“Waiting …..

for the light to turn Green”

It’s raining in my coffee cup
Comin’ down since I got up today – cold and gray
And lookin’ in my rearview mirror
I could be anywhere but here I am – traffic jam

All these people without names
Every day we face the same routine
Waiting for the light to turn green

The lady in the blue sedan
Combs her hair and steals a glance at me – who is she?
Does anybody hold her tight
Or does she spend her days and nights at home all alone

And over in the passing zone
All wrapped up inside their own daydreams
They’re waiting for the light to turn green
Do they wonder who I am
Do they know I’m not some damn machine
Waiting for the light to turn green

What about the love I long for
What about the child I want someday – where are they?
What about my heart’s desire
What about these four bald tires I’m on – how long?

I’ve been goin’ nowhere fast
Runnin’ out of time and gasoline
Waiting for the light to turn green
I’ll be damned if I’ll grow old
Waitin’ for these wheels to roll, not me
Waitin’ for the light to turn green

from The Secret of Life, released June 4, 1996
written by Gretchen Peters and Suzy Bogguss

2021 Vision

The shape of 2021
What will the shape of 2021 look like?

2021 and we are in the grip of the coronavirus pandemic. 2020 began with hope and a sense of a fresh start to not only a new year, but a new decade. Hopes were quickly dashed as the virus spread across the globe, and we all struggled to handle the new reality. It changed the shape of our lives!
2021 begins with a new and more transmissible variant of the virus threatening to overwhelm our medical services, with another lock-down across Scotland, indeed across the whole of the UK, and a small glimmer of hope as the first vaccines are rolled out. So the question I ask myself is … what will the shape of 2021 look like? At the moment, as the year begins, I see it defined by the monthly blocks of vaccine jabs … we are being divided up by age and vulnerablity, and will be allocated a vaccine slot accordingly. So the months will be blocked out for me as I wait my turn.

So I am starting the new year as I always do, with the one resolution, to see clearly! To see with camera lens – and hopefully with the paint brush too this year.
There is something magical and paradoxical about the camera lens … when I look through it I can somehow see more than I can when looking around with just my eyes. I guess there is something about the narrowing effect of the frame together with the extra concentration demanded to frame and focus the shot. But the world can surprise me through the camera lens. And increasingly I find I can ‘see’ the reverse process … I look around and can see the potential photograph or painting that is there. I guess that the two sides of the coin are gradually coming together!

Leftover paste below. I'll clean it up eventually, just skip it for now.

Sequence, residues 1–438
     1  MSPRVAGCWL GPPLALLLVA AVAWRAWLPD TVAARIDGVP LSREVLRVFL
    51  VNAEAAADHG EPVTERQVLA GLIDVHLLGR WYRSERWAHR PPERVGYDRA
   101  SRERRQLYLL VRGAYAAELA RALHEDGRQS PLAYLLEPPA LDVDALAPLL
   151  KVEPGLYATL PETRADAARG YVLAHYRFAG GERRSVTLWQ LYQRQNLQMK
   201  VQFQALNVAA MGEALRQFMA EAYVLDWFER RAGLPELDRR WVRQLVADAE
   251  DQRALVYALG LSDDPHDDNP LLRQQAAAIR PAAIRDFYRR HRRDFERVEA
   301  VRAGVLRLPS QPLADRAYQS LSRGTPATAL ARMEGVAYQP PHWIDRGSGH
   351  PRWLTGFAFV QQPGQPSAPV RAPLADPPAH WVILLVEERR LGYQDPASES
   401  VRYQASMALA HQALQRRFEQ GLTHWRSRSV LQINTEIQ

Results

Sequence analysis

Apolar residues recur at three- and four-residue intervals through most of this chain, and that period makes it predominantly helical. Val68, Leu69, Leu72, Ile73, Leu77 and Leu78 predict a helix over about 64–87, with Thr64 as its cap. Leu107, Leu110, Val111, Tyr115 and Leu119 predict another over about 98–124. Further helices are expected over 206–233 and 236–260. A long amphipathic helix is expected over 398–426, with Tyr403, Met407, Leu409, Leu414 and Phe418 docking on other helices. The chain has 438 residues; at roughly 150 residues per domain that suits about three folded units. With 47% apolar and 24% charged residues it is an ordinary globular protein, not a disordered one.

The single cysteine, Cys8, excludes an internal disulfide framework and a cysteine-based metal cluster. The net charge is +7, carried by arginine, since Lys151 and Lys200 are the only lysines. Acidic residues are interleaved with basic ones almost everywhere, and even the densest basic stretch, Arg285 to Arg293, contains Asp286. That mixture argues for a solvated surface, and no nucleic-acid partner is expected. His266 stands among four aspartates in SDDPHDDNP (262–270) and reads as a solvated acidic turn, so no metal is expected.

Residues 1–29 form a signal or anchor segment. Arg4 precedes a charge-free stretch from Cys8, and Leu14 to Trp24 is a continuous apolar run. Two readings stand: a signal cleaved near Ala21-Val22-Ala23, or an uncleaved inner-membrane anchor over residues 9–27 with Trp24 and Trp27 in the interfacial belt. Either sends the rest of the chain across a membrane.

My ‘canvas’ has been radically and progressively restricted through 2020 – as the pandemic has developed my freedom of movement has been curtailed. Add to that the way that the pandemic has also taken so much of my small energy store away from anything creative, and focussed it on the increasing challenges of simply getting through the day/week/month.
And so the 2021 journey of discovery begins:

January – and the pandemic worsens, forcing another lock-down. And I try to keep focussed and creative.
February – the roll-out of the vaccine, and the worst snowstorms in years.
March – and has Spring finally arrived? And my painting picks up momentum.
April – Still no Spring, but we do get our second vaccine shot!
May – and finally Spring? And lockdowns are gradually eased once more.
June – and who has heard of the ‘Delta’ threat?
July – and the world shrinks as we tackle health issues
August – and summer is overshadowed by a 400% rise in Covid-Delta cases

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Flickr holds Elisa’s online Photo Gallery
© 2021 Elisa Liddell

2020 November

November 2020 collage
A collection of images posted on Flickr this November 2020

Yes, it is month 9 of living with the pandemic, and it seems that the promised winter ‘second wave’ of COVID is here.
Once again we are struggling to contain the impact on the NHS as the numbers hospitalised and in intensive care rise. The naive view of the ‘experts’ that somehow older people could be ‘careful’ and not be infected by younger members of their families has been revealed to be the nonsense we always knew it to be! Grandparents were called upon to undertake childcare, and free up younger adults to return to work, while also being exhorted to protect themselves as they are the most vulnerable group. Square that circle if you can!!

Here, we find ourselves sitting on the fringes of the medium to high infection areas, and quite well able to continue to ‘self-isolate’ together. For us the problems are all practical. Adjusting to not doing our own shopping, adjusting to so many functions of daily life moving online, and finding ways to keep active and engaged with the world beyond our gate!